The unique talent I bring to Black Enterprise, and every publication I’ve ever led (including my first, the Black Voice/Carta Boricua, a periodical for black and Latino students at Rutgers, back in 1981), is not writing ability, or editing skill, or a background in web media or great intelligence. It’s this: the ability to look beyond credentials, formal training and job history, to find the people with “IT”—that unique mix of talent, desire, character, attitude and potential (it’s hard to describe but I know it when I see it), organize these special people into a team (not just a staff or a group) and motivate them to accomplish amazing things. When it comes down to it, that’s what I was really hired to do when I took the position of editor-in-chief of BlackEnterprise.com; to build a winning organization.
I’ve had a passion for this specific kind of challenge long before I was aware of it, and I believe it is a gift from God (one of the talents the Master entrusted to me to manage, develop and invest until He returns). For example, I’ve always been a mediocre basketball player, even though I like to play. When I played pick-up basketball as a teen at my neighborhood playground in Long Branch, N.J., I developed a knack for choosing teammates who could compensate for my lack of skill—instinctively taking into consideration attitude as well as talent and ability. My teams could hold the court all day, despite a significant liability—namely me. I now remember that if I was on a losing team that was not of my choosing, I’d feel bad (I don’t like to lose). But if a team I personally selected lost, I’d be furious, more at myself than at my teammates. I did not recognize that pattern until I grew older, but I now recognize that I’ve always instinctively known that a team is far more than the sum of its members, and that if you could put the right people together and motivate them properly, they could do amazing things, despite apparent or perceived disadvantages.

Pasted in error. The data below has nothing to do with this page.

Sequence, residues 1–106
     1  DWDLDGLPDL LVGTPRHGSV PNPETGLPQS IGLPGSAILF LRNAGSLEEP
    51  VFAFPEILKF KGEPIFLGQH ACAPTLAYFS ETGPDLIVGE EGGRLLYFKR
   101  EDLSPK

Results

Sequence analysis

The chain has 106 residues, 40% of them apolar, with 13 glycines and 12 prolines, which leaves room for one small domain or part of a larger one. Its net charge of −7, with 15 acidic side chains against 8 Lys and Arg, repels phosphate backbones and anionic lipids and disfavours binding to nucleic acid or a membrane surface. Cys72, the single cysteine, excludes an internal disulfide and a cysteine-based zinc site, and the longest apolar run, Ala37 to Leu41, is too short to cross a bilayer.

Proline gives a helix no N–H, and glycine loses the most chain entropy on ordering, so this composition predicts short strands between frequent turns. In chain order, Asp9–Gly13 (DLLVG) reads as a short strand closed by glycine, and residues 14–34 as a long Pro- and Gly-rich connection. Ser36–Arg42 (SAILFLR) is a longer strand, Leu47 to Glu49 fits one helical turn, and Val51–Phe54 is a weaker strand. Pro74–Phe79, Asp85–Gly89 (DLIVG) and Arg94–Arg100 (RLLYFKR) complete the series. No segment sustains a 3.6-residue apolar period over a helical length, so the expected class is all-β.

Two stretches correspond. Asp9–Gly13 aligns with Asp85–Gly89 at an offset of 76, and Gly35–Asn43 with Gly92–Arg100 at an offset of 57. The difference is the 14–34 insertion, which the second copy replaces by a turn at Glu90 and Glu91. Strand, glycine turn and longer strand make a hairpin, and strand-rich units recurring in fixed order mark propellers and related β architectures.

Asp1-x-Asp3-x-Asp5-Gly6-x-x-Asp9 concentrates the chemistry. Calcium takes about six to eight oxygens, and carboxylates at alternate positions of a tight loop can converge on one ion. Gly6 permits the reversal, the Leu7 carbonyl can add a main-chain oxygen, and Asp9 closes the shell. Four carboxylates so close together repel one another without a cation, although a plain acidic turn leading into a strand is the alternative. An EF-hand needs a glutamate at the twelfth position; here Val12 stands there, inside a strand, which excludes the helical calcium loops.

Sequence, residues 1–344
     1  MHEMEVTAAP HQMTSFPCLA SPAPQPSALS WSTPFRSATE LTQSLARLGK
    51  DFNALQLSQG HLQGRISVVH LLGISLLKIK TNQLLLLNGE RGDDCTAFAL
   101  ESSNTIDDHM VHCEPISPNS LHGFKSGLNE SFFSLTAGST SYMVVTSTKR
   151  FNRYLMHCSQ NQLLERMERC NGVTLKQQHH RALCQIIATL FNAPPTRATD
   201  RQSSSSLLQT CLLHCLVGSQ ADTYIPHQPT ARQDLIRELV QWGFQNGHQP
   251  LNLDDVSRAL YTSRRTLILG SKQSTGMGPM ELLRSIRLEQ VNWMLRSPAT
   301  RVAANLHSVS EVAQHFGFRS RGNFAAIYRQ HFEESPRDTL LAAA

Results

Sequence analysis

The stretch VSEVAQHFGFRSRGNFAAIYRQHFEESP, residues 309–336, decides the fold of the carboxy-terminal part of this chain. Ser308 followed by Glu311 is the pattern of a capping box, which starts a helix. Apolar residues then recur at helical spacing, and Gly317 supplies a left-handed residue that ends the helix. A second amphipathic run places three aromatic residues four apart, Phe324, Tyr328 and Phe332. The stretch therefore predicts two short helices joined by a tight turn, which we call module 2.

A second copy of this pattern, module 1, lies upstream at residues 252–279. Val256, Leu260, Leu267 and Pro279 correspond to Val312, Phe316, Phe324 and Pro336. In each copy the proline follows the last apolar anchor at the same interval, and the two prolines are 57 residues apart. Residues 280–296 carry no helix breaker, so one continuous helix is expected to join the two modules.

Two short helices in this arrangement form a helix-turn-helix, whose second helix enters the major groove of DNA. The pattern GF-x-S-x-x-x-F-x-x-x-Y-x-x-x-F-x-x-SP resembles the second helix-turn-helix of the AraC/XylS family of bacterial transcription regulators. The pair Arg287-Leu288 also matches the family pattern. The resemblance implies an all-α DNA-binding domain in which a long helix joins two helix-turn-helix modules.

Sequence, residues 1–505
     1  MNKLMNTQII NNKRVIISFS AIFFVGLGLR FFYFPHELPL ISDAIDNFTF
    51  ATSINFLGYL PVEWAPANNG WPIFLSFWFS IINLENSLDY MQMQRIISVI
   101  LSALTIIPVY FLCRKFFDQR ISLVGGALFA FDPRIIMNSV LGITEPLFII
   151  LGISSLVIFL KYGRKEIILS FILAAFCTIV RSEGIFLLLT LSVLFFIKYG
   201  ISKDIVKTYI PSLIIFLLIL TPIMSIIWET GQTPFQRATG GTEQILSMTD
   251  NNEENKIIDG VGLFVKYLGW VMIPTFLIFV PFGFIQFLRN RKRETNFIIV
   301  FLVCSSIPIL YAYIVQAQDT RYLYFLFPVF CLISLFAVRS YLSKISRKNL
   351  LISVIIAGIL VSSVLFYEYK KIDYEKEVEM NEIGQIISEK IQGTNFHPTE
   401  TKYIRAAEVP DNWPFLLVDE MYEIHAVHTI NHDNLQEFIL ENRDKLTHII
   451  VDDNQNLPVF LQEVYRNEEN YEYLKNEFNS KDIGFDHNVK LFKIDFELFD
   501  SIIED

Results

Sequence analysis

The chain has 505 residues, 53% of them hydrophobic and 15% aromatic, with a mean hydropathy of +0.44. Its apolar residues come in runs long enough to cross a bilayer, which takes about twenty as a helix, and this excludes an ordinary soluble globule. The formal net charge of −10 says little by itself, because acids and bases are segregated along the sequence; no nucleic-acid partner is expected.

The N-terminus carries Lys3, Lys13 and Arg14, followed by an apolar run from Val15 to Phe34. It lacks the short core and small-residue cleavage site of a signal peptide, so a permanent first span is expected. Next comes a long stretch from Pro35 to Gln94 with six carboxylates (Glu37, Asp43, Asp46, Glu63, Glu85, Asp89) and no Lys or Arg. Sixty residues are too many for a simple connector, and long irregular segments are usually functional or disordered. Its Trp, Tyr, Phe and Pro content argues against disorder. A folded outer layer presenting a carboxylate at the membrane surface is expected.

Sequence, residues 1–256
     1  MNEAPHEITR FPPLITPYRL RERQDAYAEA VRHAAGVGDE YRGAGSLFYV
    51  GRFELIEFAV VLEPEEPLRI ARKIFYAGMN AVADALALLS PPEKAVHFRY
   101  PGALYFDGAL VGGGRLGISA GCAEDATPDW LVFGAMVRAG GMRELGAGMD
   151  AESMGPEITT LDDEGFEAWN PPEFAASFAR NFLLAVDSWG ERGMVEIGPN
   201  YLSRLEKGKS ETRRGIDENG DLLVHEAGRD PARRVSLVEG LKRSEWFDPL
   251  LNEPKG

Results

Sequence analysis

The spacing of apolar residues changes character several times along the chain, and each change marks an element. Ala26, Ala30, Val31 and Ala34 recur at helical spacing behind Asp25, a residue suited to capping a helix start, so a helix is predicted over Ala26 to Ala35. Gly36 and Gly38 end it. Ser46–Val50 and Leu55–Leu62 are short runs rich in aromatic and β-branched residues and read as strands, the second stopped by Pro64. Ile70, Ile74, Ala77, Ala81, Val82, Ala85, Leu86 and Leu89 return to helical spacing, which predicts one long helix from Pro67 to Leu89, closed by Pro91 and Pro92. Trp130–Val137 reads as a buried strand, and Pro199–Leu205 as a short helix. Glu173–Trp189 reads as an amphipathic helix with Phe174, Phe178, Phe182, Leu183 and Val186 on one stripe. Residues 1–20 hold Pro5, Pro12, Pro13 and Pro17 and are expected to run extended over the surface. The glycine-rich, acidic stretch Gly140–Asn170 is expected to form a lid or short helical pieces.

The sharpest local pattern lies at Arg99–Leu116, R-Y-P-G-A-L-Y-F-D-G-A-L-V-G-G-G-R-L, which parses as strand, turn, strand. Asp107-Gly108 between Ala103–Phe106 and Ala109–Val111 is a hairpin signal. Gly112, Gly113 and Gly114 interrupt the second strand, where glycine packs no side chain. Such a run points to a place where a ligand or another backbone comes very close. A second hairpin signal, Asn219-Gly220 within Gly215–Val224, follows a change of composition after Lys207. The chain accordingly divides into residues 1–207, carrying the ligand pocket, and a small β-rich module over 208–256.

Similarly, my lifelong love of pro football has never been about individual athletes. I’ve always been obsessed with the question of why, in a league of teams with the same access to talent, money and resources—with parity—certain teams consistently win (Giants, Patriots, Cowboys, Steelers), certain teams consistently lose (Lions, Raiders, Falcons, Cardinals, Saints), and certain teams are consistently inconsistent, winning a respectable number of games (Chargers, Browns, Bills, Chiefs), but rarely championships. It’s why I have few favorite players, but I am